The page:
The Impact of Social Marketing Strategies on the Information Seeking Behaviors of College Students
O'Connor, Lisa, Lundstrom, Kacy, Reference & User Services Quarterly
Effects of social marketing strategies on student research behaviors were investigated. Three objectives were identified as target behaviors for change: (1) decrease procrastination due to the illusion of immediacy, (2) increase students' willingness to seek expert assistance when it is warranted, and (3) increase the selection of information sources based on criteria other than the information need itself, which includes the habituated and automatic use of Internet sources based on the assumption that they are more convenient, reliable, and easy to use. Findings suggest a positive impact as a result of marketing strategies attempting to achieve these objectives. Students who received messages based on a social marketing framework that emphasized these objectives appeared more willing to engage in discussions about the research process and were more likely to seek assistance from a librarian. A number of students reported successful encounters with librarians in meeting their research needs. Students who only received skills instruction reported attempting to use research tools like databases, but gave up in frustration. Due to relatively little research on how social marketing strategies can be used to change student research behaviors, more research is warranted to explore this connection. More investigation is also needed regarding how to help librarians learn how to package and deliver messages using a social marketing framework.
Cognitive ability is but one determinant of human behavior. If people's actions were determined by knowledge alone, changing behavior would be a relatively easy task. Good behaviors, such as maintaining a healthy weight through diet and exercise, would be ensured through the simple delivery of appropriate information. Likewise, good information literacy instruction would ensure effective information seeking behaviors. Research suggests, however, that just as obesity persists in the United States despite the efforts of public health educators, college students continue to engage in less than ideal information behaviors despite the substantial efforts of instructional librarians across the nation's colleges and universities. (1)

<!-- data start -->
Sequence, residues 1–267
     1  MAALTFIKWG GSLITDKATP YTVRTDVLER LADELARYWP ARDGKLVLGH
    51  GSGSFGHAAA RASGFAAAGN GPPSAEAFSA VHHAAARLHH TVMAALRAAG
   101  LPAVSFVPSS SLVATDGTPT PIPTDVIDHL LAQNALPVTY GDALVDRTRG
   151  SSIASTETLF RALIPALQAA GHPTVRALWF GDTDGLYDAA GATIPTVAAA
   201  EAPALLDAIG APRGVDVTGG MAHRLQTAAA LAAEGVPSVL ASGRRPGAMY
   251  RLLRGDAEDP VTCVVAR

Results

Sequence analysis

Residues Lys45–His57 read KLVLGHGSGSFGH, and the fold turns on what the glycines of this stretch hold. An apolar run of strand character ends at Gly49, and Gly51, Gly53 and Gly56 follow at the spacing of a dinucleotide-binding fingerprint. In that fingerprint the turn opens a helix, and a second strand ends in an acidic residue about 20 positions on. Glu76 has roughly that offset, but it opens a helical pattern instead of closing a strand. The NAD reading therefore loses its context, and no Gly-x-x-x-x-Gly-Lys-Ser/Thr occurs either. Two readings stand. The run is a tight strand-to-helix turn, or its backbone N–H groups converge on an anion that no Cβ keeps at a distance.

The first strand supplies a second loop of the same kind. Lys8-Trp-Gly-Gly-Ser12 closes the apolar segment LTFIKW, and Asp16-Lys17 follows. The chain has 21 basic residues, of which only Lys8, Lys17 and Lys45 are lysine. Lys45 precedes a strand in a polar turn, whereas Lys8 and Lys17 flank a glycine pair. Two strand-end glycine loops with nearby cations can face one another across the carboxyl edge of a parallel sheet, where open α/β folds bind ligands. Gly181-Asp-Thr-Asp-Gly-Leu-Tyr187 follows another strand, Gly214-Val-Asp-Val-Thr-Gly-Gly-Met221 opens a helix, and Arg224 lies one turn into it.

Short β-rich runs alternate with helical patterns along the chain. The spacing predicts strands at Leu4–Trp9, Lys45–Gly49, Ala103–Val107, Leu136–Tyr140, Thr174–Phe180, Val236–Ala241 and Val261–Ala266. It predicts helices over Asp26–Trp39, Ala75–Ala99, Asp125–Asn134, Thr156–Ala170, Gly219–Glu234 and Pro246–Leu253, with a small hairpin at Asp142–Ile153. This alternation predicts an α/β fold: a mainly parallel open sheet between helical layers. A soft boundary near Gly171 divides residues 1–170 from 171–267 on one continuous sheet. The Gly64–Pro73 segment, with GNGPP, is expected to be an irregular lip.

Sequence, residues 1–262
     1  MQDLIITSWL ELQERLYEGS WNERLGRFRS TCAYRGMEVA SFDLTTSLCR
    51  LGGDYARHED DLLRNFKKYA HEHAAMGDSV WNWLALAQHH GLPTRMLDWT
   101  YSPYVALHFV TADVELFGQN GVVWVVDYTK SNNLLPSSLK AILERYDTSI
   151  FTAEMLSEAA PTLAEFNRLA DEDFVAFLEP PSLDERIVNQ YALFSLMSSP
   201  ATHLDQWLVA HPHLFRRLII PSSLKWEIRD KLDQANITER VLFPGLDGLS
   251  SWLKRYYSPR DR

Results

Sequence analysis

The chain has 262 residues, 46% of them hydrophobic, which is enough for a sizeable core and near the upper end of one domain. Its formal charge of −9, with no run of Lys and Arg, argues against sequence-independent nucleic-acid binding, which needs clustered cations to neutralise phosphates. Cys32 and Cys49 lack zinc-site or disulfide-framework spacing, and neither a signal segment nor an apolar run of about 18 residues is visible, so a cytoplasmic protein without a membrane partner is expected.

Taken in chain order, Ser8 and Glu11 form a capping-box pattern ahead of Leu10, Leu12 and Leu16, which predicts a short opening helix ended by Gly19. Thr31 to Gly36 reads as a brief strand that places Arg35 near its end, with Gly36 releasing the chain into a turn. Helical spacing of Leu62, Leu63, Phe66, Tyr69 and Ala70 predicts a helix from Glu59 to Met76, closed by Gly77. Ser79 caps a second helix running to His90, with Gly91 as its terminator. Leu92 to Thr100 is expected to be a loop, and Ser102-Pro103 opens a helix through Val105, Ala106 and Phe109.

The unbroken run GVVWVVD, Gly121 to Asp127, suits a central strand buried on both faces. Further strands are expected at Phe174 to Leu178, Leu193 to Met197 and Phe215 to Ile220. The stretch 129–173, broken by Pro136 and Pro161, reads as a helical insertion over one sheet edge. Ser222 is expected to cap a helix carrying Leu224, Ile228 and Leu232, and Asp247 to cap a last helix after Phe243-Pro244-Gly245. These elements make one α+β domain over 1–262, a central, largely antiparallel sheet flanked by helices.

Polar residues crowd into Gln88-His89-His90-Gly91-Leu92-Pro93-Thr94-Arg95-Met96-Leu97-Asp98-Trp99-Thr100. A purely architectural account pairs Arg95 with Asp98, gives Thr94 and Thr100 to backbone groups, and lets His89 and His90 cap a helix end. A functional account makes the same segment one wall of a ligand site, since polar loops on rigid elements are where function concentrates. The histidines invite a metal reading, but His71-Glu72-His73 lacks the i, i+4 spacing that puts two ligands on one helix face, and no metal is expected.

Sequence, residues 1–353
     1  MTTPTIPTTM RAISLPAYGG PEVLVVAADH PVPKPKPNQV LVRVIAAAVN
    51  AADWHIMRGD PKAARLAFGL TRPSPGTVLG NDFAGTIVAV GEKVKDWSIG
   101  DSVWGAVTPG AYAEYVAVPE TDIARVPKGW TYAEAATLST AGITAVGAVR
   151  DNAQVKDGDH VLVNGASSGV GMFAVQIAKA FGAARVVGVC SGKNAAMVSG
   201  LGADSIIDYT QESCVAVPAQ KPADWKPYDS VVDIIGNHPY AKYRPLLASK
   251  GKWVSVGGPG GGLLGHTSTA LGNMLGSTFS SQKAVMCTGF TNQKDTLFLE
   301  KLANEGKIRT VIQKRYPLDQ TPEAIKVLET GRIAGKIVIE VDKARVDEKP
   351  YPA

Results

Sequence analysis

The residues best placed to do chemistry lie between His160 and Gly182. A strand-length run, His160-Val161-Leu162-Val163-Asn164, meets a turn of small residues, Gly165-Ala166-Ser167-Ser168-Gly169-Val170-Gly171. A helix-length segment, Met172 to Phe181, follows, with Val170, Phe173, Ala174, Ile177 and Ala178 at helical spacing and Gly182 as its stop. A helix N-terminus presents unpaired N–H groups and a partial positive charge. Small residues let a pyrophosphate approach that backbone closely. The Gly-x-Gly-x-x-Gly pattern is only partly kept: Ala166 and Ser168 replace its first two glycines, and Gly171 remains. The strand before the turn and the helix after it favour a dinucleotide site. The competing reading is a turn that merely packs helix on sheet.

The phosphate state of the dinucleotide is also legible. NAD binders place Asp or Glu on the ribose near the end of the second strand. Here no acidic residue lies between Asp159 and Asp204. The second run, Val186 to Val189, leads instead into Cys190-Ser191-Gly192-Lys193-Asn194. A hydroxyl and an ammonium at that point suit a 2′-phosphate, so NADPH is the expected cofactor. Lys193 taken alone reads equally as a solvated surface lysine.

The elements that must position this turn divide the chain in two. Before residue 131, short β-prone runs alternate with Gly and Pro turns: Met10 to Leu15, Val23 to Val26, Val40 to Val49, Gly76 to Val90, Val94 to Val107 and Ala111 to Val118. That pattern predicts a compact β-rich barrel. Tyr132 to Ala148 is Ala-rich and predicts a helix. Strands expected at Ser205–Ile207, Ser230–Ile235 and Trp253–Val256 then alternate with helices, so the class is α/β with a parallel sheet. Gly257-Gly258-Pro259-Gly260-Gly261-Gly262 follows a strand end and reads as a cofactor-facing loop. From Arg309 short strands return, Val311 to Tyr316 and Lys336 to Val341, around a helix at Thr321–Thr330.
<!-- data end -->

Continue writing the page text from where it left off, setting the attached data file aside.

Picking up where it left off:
Since 1951, when Wiebe asked, "Can brotherhood be sold like soap?" professionals in nonprofit arenas have seriously considered how they might apply commercial marketing principles to effect behavioral change in their clients. (2) What has been since dubbed "social marketing" has met with success in addressing and improving numerous health and safety behaviors. (3) While there is a substantial body of literature on marketing information literacy services and programs, little research has been done heretofore on applying these concepts to the actual information behaviors of students. This study will compare the impact of two distinct approaches to library instruction aimed at improving the research behaviors of freshmen college students: one which is primarily cognitive in nature and aims to increase information seeking skills and the other which applies social marketing techniques to increase effective information seeking behaviors. As the first of its kind, this research is exploratory and expected to generate questions and hypotheses for further research in this area.
In order to change information seeking behavior of college students, one must first understand their current behaviors and motivations. Fortunately, several recent research studies provide an excellent foundation for this work. A review of this literature will be followed by a brief review of current instructional practice in academic libraries. Finally, a discussion of social marketing and a review of its literature will highlight how social marketing techniques are applied to noncommercial aims and how such an approach differs from cognitively oriented library instruction.
The Information Seeking Behaviors of College Students
Recent studies provide a surprisingly consistent picture of how college students identify, select, evaluate, and use information. …